Seduced by Logic: Emilie Du Chatelet, Mary Somerville and the Newtonian Revolution

Hardcover | September 6, 2012

byRobyn Arianrhod

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Newton's explanations of natural laws shattered the way mankind perceived the universe, and hence were not immediately embraced. How can anyone warm to a force that could not be seen or touched? But for two women, separated by time and space but joined in their passion for Newtonian physics,that force drove them to great achievements. Brilliant, determined, and almost entirely self-taught, they dedicated their lives to explaining and disseminating Newton's discoveries.Robyn Arianrhod's Seduced by Logic tells the dual biography of Emilie du Chatelet and Mary Somerville, who, despite living a century apart, were connected by their love for mathematics and their places at the heart of the most advanced scientific society of their age. When Newton published hisrevolutionary theory of gravity in 1687, most of his Continental peers rejected it for its reliance on physical observation and mathematical insight and its lack of religious or metaphysical hypotheses. But the brilliant French aristocrat and intellectual Emilie du Chatelet and some of her earlyeighteenth-century Enlightenment colleagues - including her lover, Voltaire - realized the Principia Mathematica had changed everything, marking the beginning of theoretical science as a predictive, quantitative, and secular discipline. Emilie devoted herself to furthering Newton's ideas in France,and her translation of the Principia became the accepted French version of his work. Almost a century later, in Scotland, Mary Somerville taught herself mathematics and rose from genteel poverty to become a world authority on Newtonian physics. Living in France, she became acquainted with the workof one of Newton's proteges, Pierre Simon Laplace, and translated his six-volume Celestial Mechanics into English. It remained the standard astronomy text for the next century, and was considered the most influential work since Principia. Combining biography and history of science, Seduced by Logic not only reveals the fascinating story of two incredibly talented women, but also brings to life a period of dramatic political and scientific change. With lucidity and skill, Arianrhod reveals the intimate links between the unfoldingNewtonian revolution and the origins of intellectual and political liberty.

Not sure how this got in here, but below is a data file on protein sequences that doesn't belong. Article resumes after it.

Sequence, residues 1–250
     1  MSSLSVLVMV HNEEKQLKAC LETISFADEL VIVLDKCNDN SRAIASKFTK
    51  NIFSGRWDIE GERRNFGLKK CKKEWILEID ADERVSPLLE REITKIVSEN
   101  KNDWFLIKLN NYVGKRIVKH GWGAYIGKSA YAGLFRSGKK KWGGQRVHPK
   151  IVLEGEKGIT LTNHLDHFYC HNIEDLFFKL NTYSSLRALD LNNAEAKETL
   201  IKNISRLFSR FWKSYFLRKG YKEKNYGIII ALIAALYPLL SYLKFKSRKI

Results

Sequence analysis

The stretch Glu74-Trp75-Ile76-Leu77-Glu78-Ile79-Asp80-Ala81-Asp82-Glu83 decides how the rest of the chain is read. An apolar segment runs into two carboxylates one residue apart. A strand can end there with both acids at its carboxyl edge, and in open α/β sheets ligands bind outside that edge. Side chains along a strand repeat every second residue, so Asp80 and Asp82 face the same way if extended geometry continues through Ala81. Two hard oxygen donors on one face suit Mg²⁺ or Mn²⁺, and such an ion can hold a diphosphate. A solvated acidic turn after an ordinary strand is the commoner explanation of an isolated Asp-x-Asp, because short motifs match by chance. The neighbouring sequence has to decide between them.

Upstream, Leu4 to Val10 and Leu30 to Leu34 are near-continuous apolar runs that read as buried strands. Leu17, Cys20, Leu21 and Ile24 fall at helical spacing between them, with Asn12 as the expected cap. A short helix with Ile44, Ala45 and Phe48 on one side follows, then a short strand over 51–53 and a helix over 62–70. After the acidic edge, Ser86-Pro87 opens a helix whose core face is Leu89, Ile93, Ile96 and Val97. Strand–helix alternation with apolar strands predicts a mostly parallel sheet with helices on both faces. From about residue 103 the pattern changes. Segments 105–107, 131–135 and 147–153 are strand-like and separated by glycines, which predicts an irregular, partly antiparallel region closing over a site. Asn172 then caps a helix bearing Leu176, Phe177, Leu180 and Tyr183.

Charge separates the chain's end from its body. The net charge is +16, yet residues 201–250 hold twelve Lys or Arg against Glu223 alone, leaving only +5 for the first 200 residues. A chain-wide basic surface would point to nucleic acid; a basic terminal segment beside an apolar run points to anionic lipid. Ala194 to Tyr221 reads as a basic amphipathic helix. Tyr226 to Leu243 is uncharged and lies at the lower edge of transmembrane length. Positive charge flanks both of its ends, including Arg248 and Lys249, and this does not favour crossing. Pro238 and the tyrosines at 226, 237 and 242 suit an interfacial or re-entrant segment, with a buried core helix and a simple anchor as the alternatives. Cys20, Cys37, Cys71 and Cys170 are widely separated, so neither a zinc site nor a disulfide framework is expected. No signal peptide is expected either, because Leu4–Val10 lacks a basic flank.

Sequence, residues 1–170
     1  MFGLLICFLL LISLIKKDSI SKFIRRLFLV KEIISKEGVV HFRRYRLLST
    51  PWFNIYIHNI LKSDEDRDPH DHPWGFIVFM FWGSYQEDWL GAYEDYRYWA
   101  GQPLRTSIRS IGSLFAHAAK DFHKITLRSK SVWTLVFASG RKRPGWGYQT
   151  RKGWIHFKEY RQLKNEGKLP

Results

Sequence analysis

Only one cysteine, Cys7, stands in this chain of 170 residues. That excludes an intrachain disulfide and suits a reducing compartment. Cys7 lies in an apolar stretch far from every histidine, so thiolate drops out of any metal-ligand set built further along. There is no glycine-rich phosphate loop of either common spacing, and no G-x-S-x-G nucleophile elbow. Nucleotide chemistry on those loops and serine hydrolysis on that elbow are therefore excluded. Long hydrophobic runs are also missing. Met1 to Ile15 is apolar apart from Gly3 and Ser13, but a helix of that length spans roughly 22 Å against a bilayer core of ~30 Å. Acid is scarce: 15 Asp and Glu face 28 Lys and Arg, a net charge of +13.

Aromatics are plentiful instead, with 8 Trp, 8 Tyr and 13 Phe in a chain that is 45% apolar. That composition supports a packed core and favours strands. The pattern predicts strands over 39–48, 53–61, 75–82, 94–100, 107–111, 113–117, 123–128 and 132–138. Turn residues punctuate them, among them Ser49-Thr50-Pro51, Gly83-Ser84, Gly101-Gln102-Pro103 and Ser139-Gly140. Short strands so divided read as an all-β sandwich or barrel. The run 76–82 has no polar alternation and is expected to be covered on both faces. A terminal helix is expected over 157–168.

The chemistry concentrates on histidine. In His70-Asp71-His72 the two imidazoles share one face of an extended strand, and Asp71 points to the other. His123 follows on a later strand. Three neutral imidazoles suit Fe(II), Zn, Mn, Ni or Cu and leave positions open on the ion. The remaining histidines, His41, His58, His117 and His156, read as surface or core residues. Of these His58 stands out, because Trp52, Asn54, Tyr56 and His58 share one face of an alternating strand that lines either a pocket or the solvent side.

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From the Publisher

Newton's explanations of natural laws shattered the way mankind perceived the universe, and hence were not immediately embraced. How can anyone warm to a force that could not be seen or touched? But for two women, separated by time and space but joined in their passion for Newtonian physics,that force drove them to great achievements....

Robyn Arianrhod is an Honorary Research Associate in the School of Mathematical Sciences at Monash University. She is the author of Einstein's Heroes.

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Paperback|Jul 15 2006

$19.97 online$22.00list price(save 9%)
Format:HardcoverDimensions:352 pages, 9.25 × 6.12 × 0.98 inPublished:September 6, 2012Publisher:Oxford University PressLanguage:English

The following ISBNs are associated with this title:

ISBN - 10:0199931615

ISBN - 13:9780199931613

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Table of Contents

Introduction1. Madame Newton du Chatelet2. Creating the theory of gravity: the Newtonian controversy3. Learning mathematics and fighting for freedom4. Emilie and Voltaire's Academy of Free Thought5. Testing Newton: the'New Argonauts'6. The danger in Newton: life, love and politics7. The nature of light: Emilie takes on Newton8. Searching for 'energy': Emilie discovers Leibniz9. Mathematics and free will10. The re-emergence of Madame Newton du Chatelet11. Love letters to Saint-Lambert12. Mourning Emilie13. Mary Fairfax Somerville14. The long road to fame15. Mechanism of the Heavens16. Mary's second book: popular science in the nineteenth century17. Finding light waves: the 'Newtonian Revolution' comes of age18. Mary Somerville: a fortunate lifeEpilogue: Declaring a point of view